The real workplace lessons in ‘The Intern’

“The Intern,’’ starring Anne Hathaway and Robert De Niro, offers some lessons in how different generations can work together. Francois Duhamel

The Intern, starring Robert De Niro and Anne Hathaway, opened last Friday and took in about $18.2 million at the box office over the weekend.

In the movie, De Niro plays Ben, a widowed septuagenarian who lands an internship (specifically aimed at the silver-haired worker) with a fashion startup company in Brooklyn. He is assigned to work with Jules (Anne Hathaway), the company’s frazzled founder who is overwhelmed by her company’s day-to-day operations and is struggling to balance her work life with her personal life.

Ben finds himself helping the millennial-aged staff with both their work and personal issues, including fixing relationships that sputter out in the digital space. While Jules is at first put off by her intern’s age, she learns to trust him and relies on his counsel as she considers bringing in an outside CEO to help run the company she started.

While the prospect of a 70-year-old intern might seem like nothing more than good fodder for a comedy, author Nigel Dessau says the film’s premise is not completely unrealistic. Dessau is the chief marketing officer at “always-on’’ IT infrastructure firm Stratus Technologies, and he is the creator of the online series “The 3 Minute Mentor.’’

“Increasingly you see executives retire early in their 50s or early 60s, but they’re not ready to put on sandals and walk on the beach,’’ said Dessau. Dessau, who hasn’t seen the movie yet, says the opportunity to help younger entrepreneurs appeals to many retired executives.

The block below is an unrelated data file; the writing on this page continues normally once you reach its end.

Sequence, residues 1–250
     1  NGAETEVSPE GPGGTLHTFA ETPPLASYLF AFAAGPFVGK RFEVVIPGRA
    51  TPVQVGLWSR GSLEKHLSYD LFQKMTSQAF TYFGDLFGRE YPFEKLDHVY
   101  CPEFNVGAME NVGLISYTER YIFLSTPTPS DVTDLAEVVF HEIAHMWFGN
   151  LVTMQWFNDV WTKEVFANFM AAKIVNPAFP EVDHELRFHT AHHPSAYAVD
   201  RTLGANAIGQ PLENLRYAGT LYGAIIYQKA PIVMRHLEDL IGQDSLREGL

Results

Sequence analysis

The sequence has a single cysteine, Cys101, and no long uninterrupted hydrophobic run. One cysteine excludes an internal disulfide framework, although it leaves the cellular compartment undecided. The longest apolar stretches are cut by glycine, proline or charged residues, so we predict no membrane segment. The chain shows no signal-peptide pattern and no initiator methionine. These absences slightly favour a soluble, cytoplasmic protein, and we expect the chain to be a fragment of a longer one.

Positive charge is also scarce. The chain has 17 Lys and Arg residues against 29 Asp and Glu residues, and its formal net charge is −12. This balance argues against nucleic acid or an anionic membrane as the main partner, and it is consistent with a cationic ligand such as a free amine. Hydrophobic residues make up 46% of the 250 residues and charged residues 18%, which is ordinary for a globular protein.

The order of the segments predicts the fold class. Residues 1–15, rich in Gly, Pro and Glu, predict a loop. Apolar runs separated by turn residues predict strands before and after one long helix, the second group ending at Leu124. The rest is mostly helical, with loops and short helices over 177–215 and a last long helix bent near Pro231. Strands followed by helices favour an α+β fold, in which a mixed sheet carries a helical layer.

“More and more people look to remain involved in business world by mentoring younger people earlier in their career,’’ said Dessau.

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The changing workforce

There’s no shortage of potential mentees as the ranks of millennial workers continue to swell. According to recent data from the Pew Research Center, millennials make up more than one-third (34 percent) of the U.S. workforce. Another 34 percent of the workforce are Gen Xers and another 29 percent are baby boomers.

The Silent Generation, those between the ages of 70 and 87, make up only 2 percent of the workforce. De Niro’s character falls into this category.

And younger professionals, even company leaders, might be wise to seek guidance from elders with a few years of experience behind them.

Businesses with a wide generational range of employees are better-suited to face a variety of challenges says Dessau.

“What makes a business environment successful is diversity of thinking,’’ said Dessau in a phone interview. “Different ages bring in different perspectives and that is critical to running diverse organizations.’’

Key lessons

Dessau says there are three key lessons “The Intern’’ can teach audiences.

First, no one can do everything.

“Learning to delegate and learning to share the workload is one of the most critical behaviors any leader can have,’’ said Dessau. In other words, don’t be afraid to ask for help, even if you’re the boss.

Second, look for coaches and mentors and understand the difference.


“A coach runs up and down the sidelines yelling instructions at you,’’ said Dessau. “But a mentor is someone who helps your brain to be more effective.’’

Third, there is a difference between “urgent’’ and “important.’’

“Urgent always gets in the way of the important,’’ said Dessau. “As a leader you have to focus on the things that are important. So you have to build a team around you that can manage the urgent, so as a group you can focus on the important.’’

Dessau believes looking for workers who will challenge your viewpoints is a benefit, but it’s one that younger business leaders may shy away from in favor of other like-minded peers.

“As a leader it’s fun to surround yourself with people who think like you,’’ said Dessau. “But it’s better to surround yourself with a diverse group.’’

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